To help organize the show, submit works, or donate food and beverages, email amykaplanartwork@gmail.com, or call 203-247-3910.

Any Way You Slice It…

Whatever goes around, comes around.

And on Sunday, September 14, a couple of thousand folks will go around and around in Saugatuck.

That’s the date for Slice of Saugatuck. All afternoon long, for just $10 ($5 for kids 6-12), people will wander up Riverside Avenue, along Railroad Place, and out Saugatuck Avenue. Every restaurant offers food; others businesses hand out coupons, gifts or anything else they want. There is bands, street artists and a bouncy house. It’s the best street party since, well, Festival Italiano.

The Slice of Saugatuck drew huge crowds in 2011 and 2012. (Photo by Terry Cosgrave)

The Slice of Saugatuck drew huge crowds in 2011 and 2012. (Photo by Terry Cosgrave)

It’s the 3rd “Slice” in 4 years, and that’s what the “goes around, comes around” line is all about.

RTM representative Matthew Mandell created the festival back in 2011. After 2 wildly successful years, he handed it off to the Chamber of Commerce. But the director did not see the benefit — for either the Chamber or the merchants — and last year the Slice was iced.

Now the Chamber of Commerce has a new executive director: Mandell. One of his 1st moves was to serve up the Slice.

Nice.

Saugatuck has always been about food. The Slice of Saugatuck festival is too.

Saugatuck has always been about food. The Slice of Saugatuck festival is too.

“It’s a quadruple win for the town,” Mandell explains.

“One, it brings people to Saugatuck, and promotes the merchants and the area.

“Two, it’s a fantastic community event. It’s great for people-watching, and it brings everyone together.”

“Three, it raises money for the homeless and hungry. The Homes With Hope Gillespie Food Pantry received $5,000 from the 2012 proceeds, and once again they’re our beneficiary.

“Four, we hire Homes with Hope residents to work at the festival.”

Slice of Saugatuck is not just about food. In 2012, free kayaks brought plenty of people to Downunder's riverside dock.

Slice of Saugatuck is not just about food. In 2012, free kayaks brought plenty of people to Downunder’s riverside dock.

Mandell seems to have thought of everything. Including — 4 years ago — the perfect name.

“Saugatuck is shaped like a slice of pizza,” he says. (It is, if you consider its boundaries to be the train station at one end, and the intersection of Riverside and Saugatuck Avenues the other.)

For many years, of course, Saugatuck was a thriving Italian neighborhood. There are still restaurants like Tutti’s and Julian’s, and quasi-Italian spots like
Tarry Lodge and Rizzuto’s. Mario’s and Tarantino’s are long-time classics. Dunville’s, Mansion, Viva and the Duck are not Italian, but they’ve outlasted even some of the oldtimers.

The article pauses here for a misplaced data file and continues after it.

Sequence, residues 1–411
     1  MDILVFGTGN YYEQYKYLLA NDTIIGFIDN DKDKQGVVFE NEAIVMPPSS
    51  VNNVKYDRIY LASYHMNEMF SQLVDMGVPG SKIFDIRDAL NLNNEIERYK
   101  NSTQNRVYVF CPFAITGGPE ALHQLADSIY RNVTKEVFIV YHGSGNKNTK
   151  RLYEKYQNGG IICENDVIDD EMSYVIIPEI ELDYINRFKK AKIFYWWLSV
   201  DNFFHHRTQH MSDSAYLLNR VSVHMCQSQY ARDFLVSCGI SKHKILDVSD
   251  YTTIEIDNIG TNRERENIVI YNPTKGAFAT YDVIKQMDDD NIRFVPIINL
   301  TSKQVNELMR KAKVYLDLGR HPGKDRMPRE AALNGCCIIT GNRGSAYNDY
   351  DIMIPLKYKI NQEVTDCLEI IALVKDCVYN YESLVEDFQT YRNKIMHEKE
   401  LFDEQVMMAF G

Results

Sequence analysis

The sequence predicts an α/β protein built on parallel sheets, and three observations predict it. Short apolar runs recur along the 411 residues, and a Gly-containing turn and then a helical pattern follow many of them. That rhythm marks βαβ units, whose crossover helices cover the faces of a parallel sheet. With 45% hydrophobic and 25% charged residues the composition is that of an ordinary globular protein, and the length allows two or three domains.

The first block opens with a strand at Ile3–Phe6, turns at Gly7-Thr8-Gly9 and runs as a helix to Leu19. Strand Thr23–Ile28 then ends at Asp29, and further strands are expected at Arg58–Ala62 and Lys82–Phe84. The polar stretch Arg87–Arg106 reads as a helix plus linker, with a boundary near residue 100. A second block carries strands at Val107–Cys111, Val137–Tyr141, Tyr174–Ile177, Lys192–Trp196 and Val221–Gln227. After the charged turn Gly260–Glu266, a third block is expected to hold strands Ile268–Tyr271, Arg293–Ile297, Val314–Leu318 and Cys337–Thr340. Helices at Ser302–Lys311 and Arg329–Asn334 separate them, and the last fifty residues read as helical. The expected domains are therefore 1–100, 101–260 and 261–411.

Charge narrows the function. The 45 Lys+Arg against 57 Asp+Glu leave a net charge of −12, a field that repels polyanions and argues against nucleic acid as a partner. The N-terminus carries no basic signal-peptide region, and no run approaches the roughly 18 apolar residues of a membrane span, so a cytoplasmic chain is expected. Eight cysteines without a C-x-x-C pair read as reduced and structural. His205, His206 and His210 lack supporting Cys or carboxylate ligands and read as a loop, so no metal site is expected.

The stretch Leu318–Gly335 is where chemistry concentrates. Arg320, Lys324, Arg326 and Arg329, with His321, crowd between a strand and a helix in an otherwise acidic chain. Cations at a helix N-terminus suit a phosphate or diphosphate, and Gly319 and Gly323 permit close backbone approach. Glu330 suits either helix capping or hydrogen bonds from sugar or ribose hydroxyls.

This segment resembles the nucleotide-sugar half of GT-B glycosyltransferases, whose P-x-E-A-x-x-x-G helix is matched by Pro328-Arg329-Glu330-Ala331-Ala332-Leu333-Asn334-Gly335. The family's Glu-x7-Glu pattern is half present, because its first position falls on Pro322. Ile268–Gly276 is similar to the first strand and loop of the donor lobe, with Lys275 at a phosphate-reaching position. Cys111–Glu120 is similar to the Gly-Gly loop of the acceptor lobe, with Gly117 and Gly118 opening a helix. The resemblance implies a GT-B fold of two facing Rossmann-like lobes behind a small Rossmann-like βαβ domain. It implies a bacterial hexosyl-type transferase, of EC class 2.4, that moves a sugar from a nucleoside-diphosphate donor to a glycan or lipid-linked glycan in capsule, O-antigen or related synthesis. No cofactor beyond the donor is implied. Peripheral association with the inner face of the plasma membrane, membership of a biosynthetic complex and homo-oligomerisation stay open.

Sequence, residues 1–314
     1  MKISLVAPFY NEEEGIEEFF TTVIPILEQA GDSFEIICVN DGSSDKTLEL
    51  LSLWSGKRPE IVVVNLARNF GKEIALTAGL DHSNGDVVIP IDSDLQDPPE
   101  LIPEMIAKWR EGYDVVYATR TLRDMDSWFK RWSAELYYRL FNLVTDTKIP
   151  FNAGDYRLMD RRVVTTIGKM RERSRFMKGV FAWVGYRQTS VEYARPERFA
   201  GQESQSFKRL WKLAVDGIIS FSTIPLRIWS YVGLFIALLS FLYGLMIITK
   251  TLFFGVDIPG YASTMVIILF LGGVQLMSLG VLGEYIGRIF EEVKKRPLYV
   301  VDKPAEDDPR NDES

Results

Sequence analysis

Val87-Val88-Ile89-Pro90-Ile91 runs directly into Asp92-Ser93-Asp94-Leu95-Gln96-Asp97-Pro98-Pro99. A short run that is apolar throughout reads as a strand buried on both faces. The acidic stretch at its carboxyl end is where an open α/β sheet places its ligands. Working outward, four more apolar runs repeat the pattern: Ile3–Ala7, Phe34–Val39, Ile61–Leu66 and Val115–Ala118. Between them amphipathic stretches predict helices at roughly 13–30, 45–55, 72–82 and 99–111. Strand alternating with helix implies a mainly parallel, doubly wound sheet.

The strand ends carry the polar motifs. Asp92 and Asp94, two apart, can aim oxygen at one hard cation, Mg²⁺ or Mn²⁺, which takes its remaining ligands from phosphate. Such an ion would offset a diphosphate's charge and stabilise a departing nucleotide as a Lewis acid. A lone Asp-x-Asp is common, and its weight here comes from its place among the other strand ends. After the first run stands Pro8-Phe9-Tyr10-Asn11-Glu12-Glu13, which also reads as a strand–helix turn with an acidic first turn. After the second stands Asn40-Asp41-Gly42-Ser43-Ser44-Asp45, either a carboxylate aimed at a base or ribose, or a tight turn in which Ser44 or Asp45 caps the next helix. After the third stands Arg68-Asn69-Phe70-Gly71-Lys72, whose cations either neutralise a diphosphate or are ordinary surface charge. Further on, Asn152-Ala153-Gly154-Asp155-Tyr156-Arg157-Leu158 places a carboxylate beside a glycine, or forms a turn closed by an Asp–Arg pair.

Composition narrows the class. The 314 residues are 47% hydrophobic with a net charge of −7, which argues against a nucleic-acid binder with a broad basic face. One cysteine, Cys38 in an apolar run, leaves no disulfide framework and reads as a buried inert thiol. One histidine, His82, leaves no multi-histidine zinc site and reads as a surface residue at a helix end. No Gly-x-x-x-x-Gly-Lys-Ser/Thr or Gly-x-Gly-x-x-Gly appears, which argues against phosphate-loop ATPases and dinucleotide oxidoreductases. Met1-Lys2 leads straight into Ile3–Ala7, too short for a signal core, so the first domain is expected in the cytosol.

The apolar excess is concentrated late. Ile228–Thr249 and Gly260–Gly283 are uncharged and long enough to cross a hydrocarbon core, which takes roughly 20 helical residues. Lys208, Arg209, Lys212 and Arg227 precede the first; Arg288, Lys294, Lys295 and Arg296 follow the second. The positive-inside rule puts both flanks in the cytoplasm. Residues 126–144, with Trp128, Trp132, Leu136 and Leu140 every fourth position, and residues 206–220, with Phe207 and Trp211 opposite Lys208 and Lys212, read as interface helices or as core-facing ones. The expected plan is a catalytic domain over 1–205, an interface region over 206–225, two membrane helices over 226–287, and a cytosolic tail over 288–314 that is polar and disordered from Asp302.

Newcomers like The Whelk, Rainbow Thai and Saugatuck Sweets — plus merchants like Downunder — have brought new life to the old area. So there will be plenty more free food than pizza available at the Slice.

Though I’m betting those slices will go real fast.

Max’s Time To Go

After reading yesterday’s “06880” post about the final days of Max’s Art Supplies, local artist Miggs Burroughs hustled down to the store he’s loved for so many years.

He wanted the iconic Karron’s Jewelry clock, rescued once from another Westport store and long a symbol of the famed art store.

He was just a minute late. Sherri Wolfgang — a close friend — had already bought it. She told Miggs she’d wanted it since she was 8 years old, and bought her first sketch pad at Max’s.

“At least I got to take this historic photo with Shirley Mellor, Rita Ross Englebardt, Jay Cimbak, Nina Royce and Sherri, who was in tears the whole time,” Miggs says. “It was very emotional moment for everyone.”

The clock and (from left) Nina Royce, Rita Ross Englebardt, Sherri Wolfgang, Shirley Mellor, Jay Cimbak.

The clock and (from left) Nina Royce, Rita Ross Englebardt, Sherri Wolfgang, Shirley Mellor, Jay Cimbak. (Photo/MIggs Burroughs)

 

Counting Down The Minutes At Max’s

The countdown has begun for Max’s Art Supplies. The legendary 59-year-old downtown store’s last day of business is Saturday, August 30.

Much of the stock has already been sold. But intriguing items remain. They include:

  • a vintage Karron’s Jewelry clock
  • a set of 32 oak flat shelves that holds 30″ x 40″ paper
  • an oak drawer 95 1/2″ long by 25″ deep
  • a paper cutter
  • an artograph
  • a never-opened “winner waxer